A mere “oops” and a playful laugh is not what you might expect when damaging a brand new vehicle, but that’s just how Dave is—as long as I’ve known him, he has never wished for a fig in winter.
We had spent a quiet afternoon paddling through the bay near his home, but as we loaded the kayaks back into his brand new truck (a truck he only had for less than a week) Dave pushed with such enthusiasm that it hit the back window with a shattering force.
Dave’s response is reminiscent of the words of the philosopher Epictetus: “What you love has been given to you for the present, as a fig is given to you at the appointed season. But if you wish for these things in winter, you are a fool.”
One of the traits I most appreciate about Dave is his ability to accept the current season, a reminder that a common cause of suffering is desire (wanting what we can’t have or what isn’t real) and that the remedy for such suffering is to simply let go.
These Noble Truths are reflected in the Serenity Prayer: “Grant me the serenity to accept the things I cannot change, the courage to change the things I can, and the wisdom to know the difference.”
Fostering the ability to distinguish between what can and cannot be controlled, and wasting no time worrying about the latter, is a rather lofty goal—but it is certainly a worthy one.
My own journey to let go of the desire for “figs in winter” has been a tumultuous one—including the death of my fiancée in 2007 just days after returning from a romantic Labor Day weekend vacation, and the divorce from my wife and death of my father in 2014. These experiences are a reminder that one way or another, sooner or later, all things end—reflecting the stoic practice of preparing for the end through premeditatio malorum:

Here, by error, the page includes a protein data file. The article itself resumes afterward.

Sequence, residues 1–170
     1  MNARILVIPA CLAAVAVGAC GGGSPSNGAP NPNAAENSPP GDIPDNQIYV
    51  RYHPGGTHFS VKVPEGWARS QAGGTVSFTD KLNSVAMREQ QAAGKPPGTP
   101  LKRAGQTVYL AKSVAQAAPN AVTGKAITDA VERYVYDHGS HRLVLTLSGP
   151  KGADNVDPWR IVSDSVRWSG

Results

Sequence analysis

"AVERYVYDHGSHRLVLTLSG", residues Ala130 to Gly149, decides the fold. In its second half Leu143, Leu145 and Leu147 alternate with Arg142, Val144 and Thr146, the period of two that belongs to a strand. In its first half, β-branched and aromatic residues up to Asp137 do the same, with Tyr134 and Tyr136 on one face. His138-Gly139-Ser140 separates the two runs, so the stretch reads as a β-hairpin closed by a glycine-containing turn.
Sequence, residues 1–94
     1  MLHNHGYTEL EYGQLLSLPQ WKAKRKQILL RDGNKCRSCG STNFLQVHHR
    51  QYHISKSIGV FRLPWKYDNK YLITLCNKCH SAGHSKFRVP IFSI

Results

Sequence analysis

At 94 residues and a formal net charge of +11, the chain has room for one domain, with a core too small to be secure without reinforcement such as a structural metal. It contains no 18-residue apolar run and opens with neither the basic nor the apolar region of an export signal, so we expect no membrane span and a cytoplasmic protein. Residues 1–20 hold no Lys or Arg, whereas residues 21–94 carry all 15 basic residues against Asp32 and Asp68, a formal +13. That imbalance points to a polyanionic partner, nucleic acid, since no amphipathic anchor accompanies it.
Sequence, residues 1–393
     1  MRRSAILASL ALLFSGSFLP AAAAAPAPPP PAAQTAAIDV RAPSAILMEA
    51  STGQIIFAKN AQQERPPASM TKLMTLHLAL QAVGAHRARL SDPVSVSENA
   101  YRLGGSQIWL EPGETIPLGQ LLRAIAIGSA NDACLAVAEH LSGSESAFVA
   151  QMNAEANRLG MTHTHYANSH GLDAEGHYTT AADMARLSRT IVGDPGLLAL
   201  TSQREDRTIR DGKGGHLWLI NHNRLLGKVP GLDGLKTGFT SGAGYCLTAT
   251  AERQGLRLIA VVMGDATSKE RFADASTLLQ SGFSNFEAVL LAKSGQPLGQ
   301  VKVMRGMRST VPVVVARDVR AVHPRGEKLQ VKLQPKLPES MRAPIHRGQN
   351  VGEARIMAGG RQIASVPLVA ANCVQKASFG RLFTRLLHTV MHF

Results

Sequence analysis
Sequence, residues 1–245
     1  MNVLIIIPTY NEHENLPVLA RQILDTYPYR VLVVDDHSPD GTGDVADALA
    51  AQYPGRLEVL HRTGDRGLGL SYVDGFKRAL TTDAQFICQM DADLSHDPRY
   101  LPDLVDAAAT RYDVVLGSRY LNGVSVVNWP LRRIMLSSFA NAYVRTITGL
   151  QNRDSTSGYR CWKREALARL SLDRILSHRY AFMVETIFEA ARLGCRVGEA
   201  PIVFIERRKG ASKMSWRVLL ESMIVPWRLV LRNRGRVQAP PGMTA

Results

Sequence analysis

“With regard to whatever objects give you delight, are useful, or are deeply loved, remember to tell yourself of what general nature they are, beginning from the most insignificant things. If, for example, you are fond of a specific ceramic cup, remind yourself that it is only ceramic cups in general of which you are fond. Then, if it breaks, you will not be disturbed. If you kiss your child, or your wife, say that you only kiss things which are human, and thus you will not be disturbed if either of them dies.”
The use of the phrase “you will not be disturbed” can be misleading here, for how could anyone possibly lack emotion when a loved one dies? Perhaps this phrase is best interpreted not so much as a lack of disturbance, but rather as an experience put into perspective:
When something is taken away (when a loved one does, when a sentimental object breaks, or when a kayak smashes the window of a brand new truck) it would be foolish to suffer endlessly, for it merely means one season has ended and another has begun—as a fig in winter.
The Curious Paradox
The psychologist Carl Rogers highlights a fascinating tension between the desire for change and acceptance for the way things are: “The curious paradox is that when I accept myself, just as I am, then I can change.”
In other words, it is only by accepting the reality of our circumstances that we become empowered to make positive changes for our growth and development—because we’re grounded in what is real rather than mere wishful thinking.
In improvisational comedy, this is known as “Yes, and…,” a practice that calls us to start from a place of agreement and then build off that agreement with an expanded idea to create something new. In improv, this technique keeps a scene moving forward; in business, this helps teams maintain open communication; and in our own personal lives, this curious paradox can help to heal old wounds and accept new joys that await just around the river bend.
It can be difficult to accept when a sentimental object is lost, a new vehicle is damaged, or when a loved one dies, but to heal the suffering of wanting what we cannot have, it can be useful to remember the curious paradox; that it is only through acceptance that we can ever hope to move forward.
After all, winter is coming, and figs will soon be out of season.
Have you ever wished for a fig in winter? What might you do to let go of false beliefs and desires?
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Jonas Cain is an educator, facilitator, and coach, working to engage, empower, and encourage leaders and the people they serve to experience joy.